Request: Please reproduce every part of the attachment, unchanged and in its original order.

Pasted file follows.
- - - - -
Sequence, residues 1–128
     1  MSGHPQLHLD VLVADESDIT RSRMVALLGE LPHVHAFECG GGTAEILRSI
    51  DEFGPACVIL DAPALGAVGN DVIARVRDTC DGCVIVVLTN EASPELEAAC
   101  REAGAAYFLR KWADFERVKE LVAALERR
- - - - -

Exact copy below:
Sequence, residues 1–128
     1  MSGHPQLHLD VLVADESDIT RSRMVALLGE LPHVHAFECG GGTAEILRSI
    51  DEFGPACVIL DAPALGAVGN DVIARVRDTC DGCVIVVLTN EASPELEAAC
   101  REAGAAYFLR KWADFERVKE LVAALERR